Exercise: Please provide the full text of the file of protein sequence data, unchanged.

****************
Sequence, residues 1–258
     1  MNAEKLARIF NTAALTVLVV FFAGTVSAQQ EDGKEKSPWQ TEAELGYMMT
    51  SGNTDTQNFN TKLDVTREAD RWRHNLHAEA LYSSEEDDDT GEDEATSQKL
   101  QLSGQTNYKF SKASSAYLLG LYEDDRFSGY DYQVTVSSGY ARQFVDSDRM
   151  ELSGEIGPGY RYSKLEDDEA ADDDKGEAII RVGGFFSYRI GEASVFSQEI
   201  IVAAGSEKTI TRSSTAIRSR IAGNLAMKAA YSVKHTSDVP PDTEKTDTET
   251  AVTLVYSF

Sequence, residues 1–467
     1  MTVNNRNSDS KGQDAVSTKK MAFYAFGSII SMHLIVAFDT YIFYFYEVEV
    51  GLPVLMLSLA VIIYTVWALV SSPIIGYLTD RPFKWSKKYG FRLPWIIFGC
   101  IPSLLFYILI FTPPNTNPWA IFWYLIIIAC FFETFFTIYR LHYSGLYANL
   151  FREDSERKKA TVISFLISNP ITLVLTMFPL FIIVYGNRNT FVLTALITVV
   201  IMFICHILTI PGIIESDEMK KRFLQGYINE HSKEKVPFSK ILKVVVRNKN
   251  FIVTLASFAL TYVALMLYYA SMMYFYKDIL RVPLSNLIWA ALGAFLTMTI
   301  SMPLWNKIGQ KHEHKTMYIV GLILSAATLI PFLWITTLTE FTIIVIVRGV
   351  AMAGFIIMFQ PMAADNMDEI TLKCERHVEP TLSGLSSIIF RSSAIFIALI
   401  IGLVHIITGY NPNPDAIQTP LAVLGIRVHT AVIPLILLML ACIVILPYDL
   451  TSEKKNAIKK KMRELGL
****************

Sequence, residues 1–258
     1  MNAEKLARIF NTAALTVLVV FFAGTVSAQQ EDGKEKSPWQ TEAELGYMMT
    51  SGNTDTQNFN TKLDVTREAD RWRHNLHAEA LYSSEEDDDT GEDEATSQKL
   101  QLSGQTNYKF SKASSAYLLG LYEDDRFSGY DYQVTVSSGY ARQFVDSDRM
   151  ELSGEIGPGY RYSKLEDDEA ADDDKGEAII RVGGFFSYRI GEASVFSQEI
   201  IVAAGSEKTI TRSSTAIRSR IAGNLAMKAA YSVKHTSDVP PDTEKTDTET
   251  AVTLVYSF

Sequence, residues 1–467
     1  MTVNNRNSDS KGQDAVSTKK MAFYAFGSII SMHLIVAFDT YIFYFYEVEV
    51  GLPVLMLSLA VIIYTVWALV SSPIIGYLTD RPFKWSKKYG FRLPWIIFGC
   101  IPSLLFYILI FTPPNTNPWA IFWYLIIIAC FFETFFTIYR LHYSGLYANL
   151  FREDSERKKA TVISFLISNP ITLVLTMFPL FIIVYGNRNT FVLTALITVV
   201  IMFICHILTI PGIIESDEMK KRFLQGYINE HSKEKVPFSK ILKVVVRNKN
   251  FIVTLASFAL TYVALMLYYA SMMYFYKDIL RVPLSNLIWA ALGAFLTMTI
   301  SMPLWNKIGQ KHEHKTMYIV GLILSAATLI PFLWITTLTE FTIIVIVRGV
   351  AMAGFIIMFQ PMAADNMDEI TLKCERHVEP TLSGLSSIIF RSSAIFIALI
   401  IGLVHIITGY NPNPDAIQTP LAVLGIRVHT AVIPLILLML ACIVILPYDL
   451  TSEKKNAIKK KMRELGL